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Surface of Eceon - The King Beneath the Mountain

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Artist: Surface of Eceon

Album: The King Beneath the Mountain

Label: Strange Attractors Audio House

Review date: May. 28, 2002

“Beyond the outer reaches of Dryystn lies the surface of Eceon, ruled by the grasshopper king, it is a space where time and energy are blurred into a beautiful landscape of sound and action.

Hello moth: please enter into the vessyl of sound.”

And so the tale unfolds of five: Daron, Adam, Dick, Phil, and Aaron, whom together wandered into the outer regions of Dryystn. There with their primitive instruments and expensive delay pedals the quintet created the most meditative mystical sounds ever to escape from the dominion. They called themselves Surface of Eceon.

While the use of the story line may appear at times too “rich” for the typical cred-searching, space and drone fearing bystander, within the first swell of the sustain-delay meld of guitars, laced with Adam’s whispering cries, the imagination of any listener races furiously across plains, hills and lost forests to this magical Eceon. The members of the project, hailing from highly respected and moderately similar arenas, Landing and Yume Bitsu, collaborated at the Landing estate, producing hours of blissful live recordings, but carefully fashioning six to be released through Strange Attractors Audio House, entitled The King Beneath the Mountain.

The opening track is certainly the most overwhelming, elevated and accessible deployment that reached my ears within the last two years. The work embraces the drone and sound-scape backgrounds of the members and past tour partners, but it is rather apparent that the energy of new personal and uncharted orbits was the engine for this masterpiece. “The Open Sea” remains the shortest venture of the group ending sharply after six and one-half minutes, and certainly deploying the use of the repeat function on my home stereo. While I remained enthralled within the hair-raising climax of this track for two weeks, the additional time of this release showcases the longer more developing material that was created with innocent intentions to pacify the listener into a gorgeous conscious state of R.E.M.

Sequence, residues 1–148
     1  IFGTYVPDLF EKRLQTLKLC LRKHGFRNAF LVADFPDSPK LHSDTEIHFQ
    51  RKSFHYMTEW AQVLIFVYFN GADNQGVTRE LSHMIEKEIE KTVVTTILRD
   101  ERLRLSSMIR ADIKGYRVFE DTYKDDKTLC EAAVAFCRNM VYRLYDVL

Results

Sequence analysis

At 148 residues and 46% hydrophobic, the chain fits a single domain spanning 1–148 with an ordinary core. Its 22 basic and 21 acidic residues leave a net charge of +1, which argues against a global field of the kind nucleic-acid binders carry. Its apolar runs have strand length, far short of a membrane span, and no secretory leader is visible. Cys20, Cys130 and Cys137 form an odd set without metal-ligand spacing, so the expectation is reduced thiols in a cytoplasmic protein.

The strength and presence of Phil’s drumming and Daron’s bass work, and Adam’s animation is best represented “The Grasshopper King” and “The Council of the Locusts.” The remaining pieces lull slowly within their own, but do not drift into any form of redundancy, perhaps a function of the improvisational force and previously mentioned untouched territories.

This work truly exemplifies the capacity of what both the Landing members might be deprived of in their path and what Adam and Yume Bitsu never quite reach. While obvious in comparison of the latter two bands, the members of Surface of Eceon treat the entity as separate but connected, and as serious as any prior project. Live, the group further elaborates upon the paths taken on the disc, never duplicating and passing into the outer reaches of their melodic improv.

While The King Beneath the Mountain is attempting to bring out the “deep” side of the Dryystn conception, the music within avoids pretentiousness. The album as a complete work will remain within my personal rotation years after my infatuation with space-rock, drone, shoe-gazer, and Dearborn residents declines into an extensive library of artists and live shows.

By Nate Howe

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